In 2009, 319 years after its publication, and following over a century of copious scholarly speculation about the work, José F. Buscaglia is the first scholar to furnish direct and irrefutable proof that the story contained in the Infortunios/Misfortunes is based on the life and times of a man certifiably named Alonso Ramírez, who was shipwrecked on Herradura Point in the Coast of Yucatán on Sunday September 18, 1689. This first bilingual edition of the Infortunios/Misfortunes reports the findings of almost two decades of sustained research in pursuit, on land and by sea, of a most elusive historical character who was, as we now can attest with all degree of certainty, the first American known to have circumnavigated the globe. Captured by pirates, shipwrecked, and eventually rescued and sent on his way, this is one man’s story of his unanticipated voyage around the Early Modern world. With transcription, translation, notes, maps, images, and critical essay by Jose F. Buscaglia-Salgado, this Rutgers edition is the most complete and authoritative study on a work that grants us privileged access to the intricacies of early American subjectivity.
About the Author
José F. Buscaglia is a professor and chair of the Department of Cultures, Societies, and Global Studies at Northeastern University in Boston, Massachusetts. He is the author of Undoing Empire: Race, and Nation in the Mulatto Caribbean and two books in Spanish, one being the Spanish edition of the Infortunios.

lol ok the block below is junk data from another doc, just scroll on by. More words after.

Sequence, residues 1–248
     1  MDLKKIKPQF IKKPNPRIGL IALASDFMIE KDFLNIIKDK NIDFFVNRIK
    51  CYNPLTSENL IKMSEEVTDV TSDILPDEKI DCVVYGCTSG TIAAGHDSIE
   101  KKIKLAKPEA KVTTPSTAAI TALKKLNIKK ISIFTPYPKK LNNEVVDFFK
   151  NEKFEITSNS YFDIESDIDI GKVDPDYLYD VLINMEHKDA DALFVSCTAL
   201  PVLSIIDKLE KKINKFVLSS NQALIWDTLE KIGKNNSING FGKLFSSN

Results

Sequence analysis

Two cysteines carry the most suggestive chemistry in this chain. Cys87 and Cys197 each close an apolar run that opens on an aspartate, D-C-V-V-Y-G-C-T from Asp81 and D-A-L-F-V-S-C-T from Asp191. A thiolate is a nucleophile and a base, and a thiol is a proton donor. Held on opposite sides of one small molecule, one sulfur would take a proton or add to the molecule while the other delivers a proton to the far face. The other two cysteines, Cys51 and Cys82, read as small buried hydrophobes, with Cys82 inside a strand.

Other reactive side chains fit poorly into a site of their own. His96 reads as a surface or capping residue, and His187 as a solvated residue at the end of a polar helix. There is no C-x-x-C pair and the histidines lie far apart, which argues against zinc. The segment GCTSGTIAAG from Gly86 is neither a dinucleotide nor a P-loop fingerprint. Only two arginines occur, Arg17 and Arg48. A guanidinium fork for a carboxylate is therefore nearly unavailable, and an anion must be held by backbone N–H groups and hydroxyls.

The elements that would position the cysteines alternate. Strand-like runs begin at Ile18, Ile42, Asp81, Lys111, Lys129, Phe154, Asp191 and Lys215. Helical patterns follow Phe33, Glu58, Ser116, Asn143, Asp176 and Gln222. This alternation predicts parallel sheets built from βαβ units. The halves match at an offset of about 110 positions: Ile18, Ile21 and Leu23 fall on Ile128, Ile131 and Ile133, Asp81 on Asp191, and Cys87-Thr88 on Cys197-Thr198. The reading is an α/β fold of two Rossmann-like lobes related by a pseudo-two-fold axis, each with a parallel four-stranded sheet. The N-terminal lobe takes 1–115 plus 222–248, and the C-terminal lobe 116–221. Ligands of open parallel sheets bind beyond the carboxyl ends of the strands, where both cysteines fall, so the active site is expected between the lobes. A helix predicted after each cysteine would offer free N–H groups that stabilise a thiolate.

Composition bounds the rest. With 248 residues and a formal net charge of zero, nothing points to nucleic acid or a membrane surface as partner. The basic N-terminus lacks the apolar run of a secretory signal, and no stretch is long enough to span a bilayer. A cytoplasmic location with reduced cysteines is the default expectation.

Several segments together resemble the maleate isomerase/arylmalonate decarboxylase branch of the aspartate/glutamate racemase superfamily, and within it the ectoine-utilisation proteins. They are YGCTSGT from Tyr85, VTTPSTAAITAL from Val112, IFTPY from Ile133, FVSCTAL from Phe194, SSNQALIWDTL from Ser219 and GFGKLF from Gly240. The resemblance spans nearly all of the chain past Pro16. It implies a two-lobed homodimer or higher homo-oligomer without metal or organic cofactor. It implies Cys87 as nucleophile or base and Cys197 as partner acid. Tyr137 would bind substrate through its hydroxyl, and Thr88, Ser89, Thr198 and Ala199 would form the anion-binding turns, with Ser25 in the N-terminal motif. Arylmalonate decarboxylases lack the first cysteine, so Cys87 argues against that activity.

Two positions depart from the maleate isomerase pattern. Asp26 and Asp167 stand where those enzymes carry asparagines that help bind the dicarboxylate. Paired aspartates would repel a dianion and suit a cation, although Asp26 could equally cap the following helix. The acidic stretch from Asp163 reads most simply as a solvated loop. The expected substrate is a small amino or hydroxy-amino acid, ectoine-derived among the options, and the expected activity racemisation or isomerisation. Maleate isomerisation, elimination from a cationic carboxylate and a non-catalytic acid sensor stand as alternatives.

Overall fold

"Buscaglia's Spanish-English edition of Siguenza y Gongora's greatest work is a magnificent illustration of what the fields of history and literature can offer when they are brought together. And it is fun to read, to boot! The text takes readers on a fascinating, whirlwind tour through the interlocking worlds of seventeenth-century Mexico and Southeast Asia." — Camilla Townsend
“Buscaglia-Salgado’s bilingual edition of Infortunios de Alonso Ramirez/The Misfortunes of Alonso Ramirez is an essential contribution. Multi-faceted and meticulously researched, it situates the story in the context of a global history of empires and piracy, opening new channels for further analysis and research. Deftly deciphering documents in colonial archives, questioning editorial practices, sketching maps, and revisiting his own sailing voyages, Buscaglia-Salgado has tracked Ramírez’s routes, uncovering some of the mysteries surrounding the protagonist and making visible a global historical process.” — Arcadio Díaz-Quiñones